Deloitte 'bowed to pressure to stop Parmalat whistleblower'

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The Independent Online

Deloitte Touche Tohmatsu, the giant accounting firm, bowed to pressure from Parmalat and appeared to muzzle an auditor who was raising tricky questions about the Italian dairy group's finances up to 33 months before its spectacular collapse.

Deloitte Touche Tohmatsu, the giant accounting firm, bowed to pressure from Parmalat and appeared to muzzle an auditor who was raising tricky questions about the Italian dairy group's finances up to 33 months before its spectacular collapse.

Parmalat went under in December 2003 with debts of more than €14bn (£9.5bn). Many of its financial problems related to transfers involving a Cayman Islands subsidiary, Bonlat.

Auditing of the sprawling empire was split between Grant Thornton and Deloitte, with Deloitte responsible for the consolidated audit of the whole group. Both auditing firms have been criticised for their work and are facing civil and potential criminal action over the Parmalat collapse.

Deloitte has always denied wrongdoing but evidence emerged last week that suggests it may have buckled under pressure from Parmalat to stop an auditor asking tricky questions.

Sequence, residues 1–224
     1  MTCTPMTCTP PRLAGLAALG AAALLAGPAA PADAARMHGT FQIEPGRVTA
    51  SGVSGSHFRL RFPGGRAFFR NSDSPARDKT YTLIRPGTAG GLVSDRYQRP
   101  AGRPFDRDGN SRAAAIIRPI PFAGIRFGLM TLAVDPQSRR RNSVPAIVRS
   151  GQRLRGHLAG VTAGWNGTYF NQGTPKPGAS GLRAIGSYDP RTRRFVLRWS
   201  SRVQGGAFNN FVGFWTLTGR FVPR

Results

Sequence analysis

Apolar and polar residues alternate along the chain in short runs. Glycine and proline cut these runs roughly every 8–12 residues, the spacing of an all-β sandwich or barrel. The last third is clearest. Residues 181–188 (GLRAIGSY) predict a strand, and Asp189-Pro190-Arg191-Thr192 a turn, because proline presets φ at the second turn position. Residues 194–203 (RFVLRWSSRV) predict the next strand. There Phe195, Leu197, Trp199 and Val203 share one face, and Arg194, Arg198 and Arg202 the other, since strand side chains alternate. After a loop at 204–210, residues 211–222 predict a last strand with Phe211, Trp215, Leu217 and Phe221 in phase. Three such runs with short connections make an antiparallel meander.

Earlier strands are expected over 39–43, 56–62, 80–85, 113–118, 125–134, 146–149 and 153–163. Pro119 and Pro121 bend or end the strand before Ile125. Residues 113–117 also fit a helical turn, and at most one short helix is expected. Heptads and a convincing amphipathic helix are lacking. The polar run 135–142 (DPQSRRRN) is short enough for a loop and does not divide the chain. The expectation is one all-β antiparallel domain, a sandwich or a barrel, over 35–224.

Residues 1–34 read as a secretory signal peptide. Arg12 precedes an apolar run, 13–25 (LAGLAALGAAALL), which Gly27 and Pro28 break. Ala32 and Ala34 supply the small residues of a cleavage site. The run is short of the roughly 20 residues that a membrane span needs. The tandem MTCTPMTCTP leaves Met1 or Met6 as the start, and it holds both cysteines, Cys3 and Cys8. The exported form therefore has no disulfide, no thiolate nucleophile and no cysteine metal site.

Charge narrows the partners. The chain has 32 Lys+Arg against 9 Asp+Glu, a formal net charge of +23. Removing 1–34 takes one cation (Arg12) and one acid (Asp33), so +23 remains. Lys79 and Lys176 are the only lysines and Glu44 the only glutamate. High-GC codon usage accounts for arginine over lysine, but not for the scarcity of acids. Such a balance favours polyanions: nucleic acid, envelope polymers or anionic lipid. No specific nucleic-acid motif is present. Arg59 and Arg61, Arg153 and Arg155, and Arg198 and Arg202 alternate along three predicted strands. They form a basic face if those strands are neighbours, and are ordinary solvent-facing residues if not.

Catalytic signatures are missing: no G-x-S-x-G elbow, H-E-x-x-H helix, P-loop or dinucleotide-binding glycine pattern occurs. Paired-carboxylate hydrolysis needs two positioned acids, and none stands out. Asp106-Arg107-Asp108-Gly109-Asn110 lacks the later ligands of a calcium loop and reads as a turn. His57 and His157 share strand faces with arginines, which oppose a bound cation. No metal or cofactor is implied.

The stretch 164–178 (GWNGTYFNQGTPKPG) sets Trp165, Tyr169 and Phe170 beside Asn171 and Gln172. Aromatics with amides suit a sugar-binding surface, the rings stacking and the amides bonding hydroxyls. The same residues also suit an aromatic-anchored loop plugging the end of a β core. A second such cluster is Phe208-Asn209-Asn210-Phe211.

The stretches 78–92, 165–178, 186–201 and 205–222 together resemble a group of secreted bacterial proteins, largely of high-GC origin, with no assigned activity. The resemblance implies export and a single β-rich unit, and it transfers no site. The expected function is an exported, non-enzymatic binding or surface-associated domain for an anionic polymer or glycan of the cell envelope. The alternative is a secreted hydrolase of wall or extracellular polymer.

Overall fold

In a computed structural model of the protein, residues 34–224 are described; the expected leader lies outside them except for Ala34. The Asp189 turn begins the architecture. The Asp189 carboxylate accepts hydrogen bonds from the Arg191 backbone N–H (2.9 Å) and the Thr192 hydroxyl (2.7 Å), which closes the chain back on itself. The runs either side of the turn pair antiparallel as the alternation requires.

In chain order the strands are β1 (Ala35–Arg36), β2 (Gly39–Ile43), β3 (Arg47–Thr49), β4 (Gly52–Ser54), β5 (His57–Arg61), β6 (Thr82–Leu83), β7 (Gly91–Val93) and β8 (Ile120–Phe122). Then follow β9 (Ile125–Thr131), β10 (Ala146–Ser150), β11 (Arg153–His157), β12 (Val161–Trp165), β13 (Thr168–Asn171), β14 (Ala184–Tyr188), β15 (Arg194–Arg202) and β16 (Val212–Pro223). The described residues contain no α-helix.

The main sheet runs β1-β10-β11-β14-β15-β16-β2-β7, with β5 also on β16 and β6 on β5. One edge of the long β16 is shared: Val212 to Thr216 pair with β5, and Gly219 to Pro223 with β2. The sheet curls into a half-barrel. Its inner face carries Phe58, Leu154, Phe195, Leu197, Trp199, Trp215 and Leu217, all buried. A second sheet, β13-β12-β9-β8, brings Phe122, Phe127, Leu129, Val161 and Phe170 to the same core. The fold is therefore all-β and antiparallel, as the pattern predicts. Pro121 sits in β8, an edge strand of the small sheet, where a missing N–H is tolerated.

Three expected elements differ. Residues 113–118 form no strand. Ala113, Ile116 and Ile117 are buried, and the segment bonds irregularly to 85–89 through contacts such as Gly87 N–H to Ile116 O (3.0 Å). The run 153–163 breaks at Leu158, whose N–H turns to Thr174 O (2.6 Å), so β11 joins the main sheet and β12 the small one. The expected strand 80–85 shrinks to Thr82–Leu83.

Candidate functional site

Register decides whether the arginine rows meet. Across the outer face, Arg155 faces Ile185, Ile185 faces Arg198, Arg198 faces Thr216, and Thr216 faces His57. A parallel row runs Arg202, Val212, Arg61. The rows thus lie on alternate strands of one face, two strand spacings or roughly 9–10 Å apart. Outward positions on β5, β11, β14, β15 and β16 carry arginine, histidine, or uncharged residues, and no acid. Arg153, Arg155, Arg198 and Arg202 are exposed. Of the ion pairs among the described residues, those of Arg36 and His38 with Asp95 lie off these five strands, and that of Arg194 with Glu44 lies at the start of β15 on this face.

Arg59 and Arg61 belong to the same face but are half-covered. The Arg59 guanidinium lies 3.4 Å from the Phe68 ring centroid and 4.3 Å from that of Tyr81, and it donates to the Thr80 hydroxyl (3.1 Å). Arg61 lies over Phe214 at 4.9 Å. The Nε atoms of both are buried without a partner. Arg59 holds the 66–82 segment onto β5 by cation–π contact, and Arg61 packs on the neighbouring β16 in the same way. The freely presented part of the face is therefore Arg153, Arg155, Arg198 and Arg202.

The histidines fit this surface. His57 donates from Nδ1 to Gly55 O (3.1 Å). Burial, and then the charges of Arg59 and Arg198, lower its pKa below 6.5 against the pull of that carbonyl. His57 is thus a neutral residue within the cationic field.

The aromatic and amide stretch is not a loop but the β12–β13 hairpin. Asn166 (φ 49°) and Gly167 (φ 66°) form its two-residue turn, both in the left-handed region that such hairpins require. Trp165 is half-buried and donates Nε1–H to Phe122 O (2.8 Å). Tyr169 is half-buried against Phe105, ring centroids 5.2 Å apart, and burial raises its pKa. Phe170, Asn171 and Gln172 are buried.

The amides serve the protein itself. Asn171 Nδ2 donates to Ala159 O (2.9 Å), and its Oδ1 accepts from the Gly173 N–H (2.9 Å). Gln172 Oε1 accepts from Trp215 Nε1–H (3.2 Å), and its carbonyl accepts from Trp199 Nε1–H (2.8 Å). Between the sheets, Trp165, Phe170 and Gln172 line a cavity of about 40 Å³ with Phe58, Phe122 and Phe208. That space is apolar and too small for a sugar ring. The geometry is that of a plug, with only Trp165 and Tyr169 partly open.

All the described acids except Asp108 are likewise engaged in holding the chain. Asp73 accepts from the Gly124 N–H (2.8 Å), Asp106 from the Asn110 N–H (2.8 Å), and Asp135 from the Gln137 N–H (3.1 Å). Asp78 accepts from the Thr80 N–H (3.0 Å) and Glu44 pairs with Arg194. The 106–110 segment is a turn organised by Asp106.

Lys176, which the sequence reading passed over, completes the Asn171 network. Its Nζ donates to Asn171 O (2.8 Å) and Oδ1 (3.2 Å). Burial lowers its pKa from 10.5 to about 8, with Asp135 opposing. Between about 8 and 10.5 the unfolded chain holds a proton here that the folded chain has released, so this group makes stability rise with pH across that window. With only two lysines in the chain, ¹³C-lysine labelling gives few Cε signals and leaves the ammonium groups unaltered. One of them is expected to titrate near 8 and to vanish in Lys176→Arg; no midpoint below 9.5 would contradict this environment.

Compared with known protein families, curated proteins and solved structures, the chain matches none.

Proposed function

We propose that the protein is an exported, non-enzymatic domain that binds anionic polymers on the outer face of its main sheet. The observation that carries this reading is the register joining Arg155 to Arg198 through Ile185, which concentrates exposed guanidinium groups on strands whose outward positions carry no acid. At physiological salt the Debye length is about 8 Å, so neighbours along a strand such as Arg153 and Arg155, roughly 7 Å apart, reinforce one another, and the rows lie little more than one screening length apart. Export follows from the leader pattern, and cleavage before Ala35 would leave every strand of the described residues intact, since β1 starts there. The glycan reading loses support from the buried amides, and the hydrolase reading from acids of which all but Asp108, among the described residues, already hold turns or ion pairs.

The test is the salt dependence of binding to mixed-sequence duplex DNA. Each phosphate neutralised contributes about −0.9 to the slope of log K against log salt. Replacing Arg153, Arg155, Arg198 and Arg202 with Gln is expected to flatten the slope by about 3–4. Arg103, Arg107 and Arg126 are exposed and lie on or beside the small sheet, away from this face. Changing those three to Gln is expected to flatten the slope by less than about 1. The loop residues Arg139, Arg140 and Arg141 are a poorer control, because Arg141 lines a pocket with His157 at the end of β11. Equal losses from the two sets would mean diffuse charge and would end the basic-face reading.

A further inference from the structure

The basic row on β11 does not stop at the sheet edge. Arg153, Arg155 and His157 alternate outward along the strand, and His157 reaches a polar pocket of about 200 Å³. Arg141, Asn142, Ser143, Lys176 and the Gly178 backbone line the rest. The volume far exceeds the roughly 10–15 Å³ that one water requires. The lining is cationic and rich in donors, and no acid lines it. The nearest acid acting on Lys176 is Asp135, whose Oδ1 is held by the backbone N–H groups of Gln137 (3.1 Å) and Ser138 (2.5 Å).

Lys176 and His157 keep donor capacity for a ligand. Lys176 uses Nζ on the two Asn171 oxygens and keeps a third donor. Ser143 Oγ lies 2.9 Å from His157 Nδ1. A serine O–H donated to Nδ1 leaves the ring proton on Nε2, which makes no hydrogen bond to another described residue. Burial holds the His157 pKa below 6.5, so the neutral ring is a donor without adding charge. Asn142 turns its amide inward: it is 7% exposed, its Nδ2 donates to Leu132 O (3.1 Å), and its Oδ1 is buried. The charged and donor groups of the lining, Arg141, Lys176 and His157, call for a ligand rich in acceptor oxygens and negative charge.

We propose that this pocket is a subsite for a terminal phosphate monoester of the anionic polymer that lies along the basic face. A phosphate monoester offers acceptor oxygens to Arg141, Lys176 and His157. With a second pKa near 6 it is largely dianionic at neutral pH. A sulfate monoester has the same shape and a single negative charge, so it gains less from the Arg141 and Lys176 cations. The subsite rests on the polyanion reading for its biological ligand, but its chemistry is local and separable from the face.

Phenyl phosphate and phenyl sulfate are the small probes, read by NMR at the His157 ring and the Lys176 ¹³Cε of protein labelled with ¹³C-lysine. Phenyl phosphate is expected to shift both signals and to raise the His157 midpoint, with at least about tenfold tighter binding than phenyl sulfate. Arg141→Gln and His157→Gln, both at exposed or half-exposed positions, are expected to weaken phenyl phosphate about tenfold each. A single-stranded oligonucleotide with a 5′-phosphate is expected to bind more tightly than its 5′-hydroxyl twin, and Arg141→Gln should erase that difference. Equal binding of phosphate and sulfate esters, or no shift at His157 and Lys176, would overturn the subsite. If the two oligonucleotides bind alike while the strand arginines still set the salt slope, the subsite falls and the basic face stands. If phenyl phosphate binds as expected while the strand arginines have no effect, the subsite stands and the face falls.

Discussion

Parmalat Participacoes do Brasil (PPB), the group's largest overseas subsidiary, was audited by Deloitte's Brazilian practice. In March 2001 an auditor there, Wanderley Olivetti, raised questions with Deloitte Italy, the group auditors, about large inter-company credits between PPB and Bonlat. A year later he raised the same questions, specifically to do with $554m (£290m) of payments. Both the 2001 and 2002 PPB accounts flag the issue, but nothing appeared in the consolidated accounts.

A few days after Mr Olivetti's March 2002 email, the matter came to a head. In an email on 5 April, Fausto Tonna, the chief financial officer of Parmalat, wrote: "I don't want to hear another word about Olivetti. I'm not willing to compromise with him and we will choose other auditors immediately."

The same day, Adolfo Marmoli, a partner at Deloitte Italy, emailed the head of the group's international practice, James Copeland, saying there was a "major problem" and the "risk exists that for this problem Parmalat headquarters could dismiss Deloitte & Touche as worldwide auditors".

It is not clear how Mr Copeland responded but in May 2002 a deal was agreed in which Mr Olivetti worded his concerns in such a way that Deloitte Italy would not have to qualify the group accounts.

A spokesperson for Deloitte denied that Mr Olivetti had been put under pressure.

Deloitte has had a difficult time recently. On Friday, its UK arm lost a battle to keep charges laid against its chairman, Martin Scicluna, by the UK accounting disciplinary body secret. Mr Scicluna is charged with failing to report Stephen Ives, a Deloitte partner who audited the casino operator Capital Group. Mr Ives was banned as an accountant and fined £870,000 after it was found he had fraudulently obtained a Range Rover from Capital.

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